Economic development

How SA’s foreign policy can affect trade

Trade advisor Donald MacKay has warned that South Africa’s apparent support for Russia, despite its invasion of Ukraine, could affect South Africa’s exports to the United States, the European Union and Britain.

Mackay says South Africa’s foreign policy has become pro-Russia “and no one thinks we’re non-aligned” as the government claims. South Africa’s stance on the war in Ukraine is being closely watched by Ukraine’s allies, particularly the US and the EU.

“The EU, the biggest economic bloc in the world, accounts for 22% of our exports and the USA, the world’s biggest single economy, accounts for 9%. Add the UK (7%) and we export 36% of everything to those three regions. Russia accounts for 0.23%.”

South Africa’s trade with those regions could become gradually more difficult. Mackay says South Africa’s huge benefits under the Agoa trade agreement could be reduced when it comes up for renewal in 2025. In a worst case scenario, South Africa could be expelled and lose all benefits if a Republican becomes US president in 2024.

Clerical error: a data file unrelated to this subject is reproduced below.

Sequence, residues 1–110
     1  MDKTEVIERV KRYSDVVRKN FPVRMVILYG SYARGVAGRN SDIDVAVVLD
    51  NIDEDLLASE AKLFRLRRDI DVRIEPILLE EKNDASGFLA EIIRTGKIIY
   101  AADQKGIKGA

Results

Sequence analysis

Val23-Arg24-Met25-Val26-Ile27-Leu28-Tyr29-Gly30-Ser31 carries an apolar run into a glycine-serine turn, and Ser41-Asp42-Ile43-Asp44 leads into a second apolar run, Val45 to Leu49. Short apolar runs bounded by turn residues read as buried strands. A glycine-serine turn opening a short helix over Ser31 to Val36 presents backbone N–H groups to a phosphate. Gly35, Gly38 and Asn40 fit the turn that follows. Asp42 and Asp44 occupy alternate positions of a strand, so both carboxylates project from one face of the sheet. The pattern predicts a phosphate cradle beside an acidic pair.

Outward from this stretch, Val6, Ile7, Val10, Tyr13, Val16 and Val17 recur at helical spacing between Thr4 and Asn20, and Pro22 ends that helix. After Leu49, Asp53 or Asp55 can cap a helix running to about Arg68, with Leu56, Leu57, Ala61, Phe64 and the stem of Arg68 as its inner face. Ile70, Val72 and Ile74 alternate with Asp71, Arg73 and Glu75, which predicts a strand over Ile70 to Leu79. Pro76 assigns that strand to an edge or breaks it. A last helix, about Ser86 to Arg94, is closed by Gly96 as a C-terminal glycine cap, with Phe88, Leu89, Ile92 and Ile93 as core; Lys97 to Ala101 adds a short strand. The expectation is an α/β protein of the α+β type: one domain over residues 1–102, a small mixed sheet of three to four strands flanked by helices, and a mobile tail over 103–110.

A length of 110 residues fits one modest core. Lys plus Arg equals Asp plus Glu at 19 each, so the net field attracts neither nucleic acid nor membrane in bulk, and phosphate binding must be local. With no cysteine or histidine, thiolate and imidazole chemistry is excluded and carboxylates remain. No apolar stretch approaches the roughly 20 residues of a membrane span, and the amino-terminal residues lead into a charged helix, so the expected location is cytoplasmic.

Trade with the EU could also become more difficult, despite the protection given by the EU-SA trade agreement. “We may find it takes very long for the newly negotiated improved access to things like wine to materialise. And expect more varieties of the false coddling moth problem, which currently plagues our citrus industry, to persist.”

MacKay’s warning comes just as South Africa’s poultry industry is gearing up to export chicken to the EU. Approvals are awaited for cooked chicken exports, and more difficult negotiations lie ahead to secure access for raw chicken breasts, which command premium prices in the EU.